We review how you interact with emails we send you by using small images that you cannot see called ‘pixels’ within our emails. These pixels allow us to capture some information about emails we’ve sent you, such as:

    • When you opened the email,
    • How many times you opened it, and
    • The device you used to open it.

    This is called ‘email tracking’. We use this information to help us understand how effective our emails are, and to improve our communications with you.

    We also place trackers on SMS messages we send that capture similar information: whether you’ve received the message, and whether you’ve opened it. We use this information for the same reasons as above.

    To find out more about how we use cookies and email tracking, please see our Cookie Policy

    How personal information is used

    Who we share your personal information with

    We may share your personal information with other companies in the Lloyds Banking Group. We may also share it with outside organisations such as credit card providers, insurers or tax authorities. This is so that we can provide you with products and services, run our business, and obey rules that apply to us. Here we list all the types of organisations that we may share your personal information with.

    Lloyds Banking Group

    We may share your personal information with other companies in the Lloyds Banking Group. These companies may use different brand names. For details of our brands, please see the ‘Who we are’ section.

    We share the information to make sure our records are accurate. For example, if you hold products with different brands in the Group, and you update your information with one of them, we may share this information with the other brands you hold products with.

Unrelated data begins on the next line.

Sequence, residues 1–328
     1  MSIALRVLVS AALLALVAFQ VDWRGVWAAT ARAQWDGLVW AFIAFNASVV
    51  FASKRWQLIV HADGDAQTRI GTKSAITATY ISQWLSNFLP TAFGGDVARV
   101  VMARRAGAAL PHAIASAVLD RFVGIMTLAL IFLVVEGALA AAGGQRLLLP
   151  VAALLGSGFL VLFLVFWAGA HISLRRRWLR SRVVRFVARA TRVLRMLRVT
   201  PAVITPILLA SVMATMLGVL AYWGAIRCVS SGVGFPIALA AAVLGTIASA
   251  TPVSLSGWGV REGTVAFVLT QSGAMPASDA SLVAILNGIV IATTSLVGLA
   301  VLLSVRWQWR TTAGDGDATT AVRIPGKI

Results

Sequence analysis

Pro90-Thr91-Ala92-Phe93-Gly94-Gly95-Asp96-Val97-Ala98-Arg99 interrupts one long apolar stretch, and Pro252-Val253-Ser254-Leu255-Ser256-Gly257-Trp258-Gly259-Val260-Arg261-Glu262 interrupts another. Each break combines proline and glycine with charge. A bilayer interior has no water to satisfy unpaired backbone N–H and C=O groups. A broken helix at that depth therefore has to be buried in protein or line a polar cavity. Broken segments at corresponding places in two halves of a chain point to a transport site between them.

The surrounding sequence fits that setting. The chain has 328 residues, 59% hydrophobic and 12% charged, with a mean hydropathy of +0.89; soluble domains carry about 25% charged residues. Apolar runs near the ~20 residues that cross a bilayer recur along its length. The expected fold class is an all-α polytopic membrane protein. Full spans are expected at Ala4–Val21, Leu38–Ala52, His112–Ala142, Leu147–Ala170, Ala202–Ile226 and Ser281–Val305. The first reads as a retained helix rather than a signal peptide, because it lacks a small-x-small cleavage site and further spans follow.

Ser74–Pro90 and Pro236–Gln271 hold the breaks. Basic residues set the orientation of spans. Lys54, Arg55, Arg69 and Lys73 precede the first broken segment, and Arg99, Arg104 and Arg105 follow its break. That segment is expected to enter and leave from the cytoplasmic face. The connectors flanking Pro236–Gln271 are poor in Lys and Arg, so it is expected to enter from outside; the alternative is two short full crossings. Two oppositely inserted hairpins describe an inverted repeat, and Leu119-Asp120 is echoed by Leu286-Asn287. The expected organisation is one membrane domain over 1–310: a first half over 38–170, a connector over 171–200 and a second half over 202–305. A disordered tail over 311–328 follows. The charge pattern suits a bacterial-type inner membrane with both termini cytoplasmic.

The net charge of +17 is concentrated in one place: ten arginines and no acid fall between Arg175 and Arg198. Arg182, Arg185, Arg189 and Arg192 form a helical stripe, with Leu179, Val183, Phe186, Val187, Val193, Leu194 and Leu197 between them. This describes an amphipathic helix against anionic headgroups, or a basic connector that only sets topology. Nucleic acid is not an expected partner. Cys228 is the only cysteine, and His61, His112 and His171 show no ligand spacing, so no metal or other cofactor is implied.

We also share the information to help us provide you with products and services. For example, we could use information we learn about you from your transaction history with one of our brands to support an insurance product application with another brand.

    Authorities

    This means official bodies that include:

    • Central and local government

    • HM Revenue & Customs, regulators and other tax authorities
    • UK Financial Services Compensation Scheme and other deposit guarantee schemes
    • Law enforcement and fraud prevention agencies.

    Banking and financial services

    Outside companies we work with to provide services to you and to run our business.

    • Credit reference agencies such as TransUnion, Equifax and Experian
    • Someone linked with you or your business’s product or service
      This could mean a joint account holder, trustee, fellow company director or partner.
    • Other financial services companies. This can be to fulfil a payment or other service as part of a contract with you; or to help prevent, detect and prosecute unlawful acts and fraudulent behaviour
    • Independent Financial Advisers
      This could be someone who you, your employer, or product owner have chosen toadvise you on things like pensions or life assurance.
    • Agents who collect debt that is owed
    • Price comparison websites and similar companies
      We only do so if you buy something from us through such a company. We only share details needed to confirm what you have bought, to fulfil our own contract with the company.
    • Employers. For example, to confirm your identity if we ask for a mortgage reference
    • Companies you ask us to share your data with
      This is to do with something called Open Banking, which gives you more freedom and control to use your own banking data. It can make it easier for you or your business to shop around for products like credit cards, savings and current accounts.
    • Companies whose shares we hold for you in one of our nominee companies.This is usually to do with Share Dealing accounts. This is where we hold shares for you in the name of our nominee company, and that company or their agent asks us to share details of the beneficial owner of the shares with them.

    Insurers

    We share personal information with insurance industry companies to process claims and help reduce fraud. We do that in these ways:

    • If you apply for insurance through us, we may pass your personal or business details to the insurer.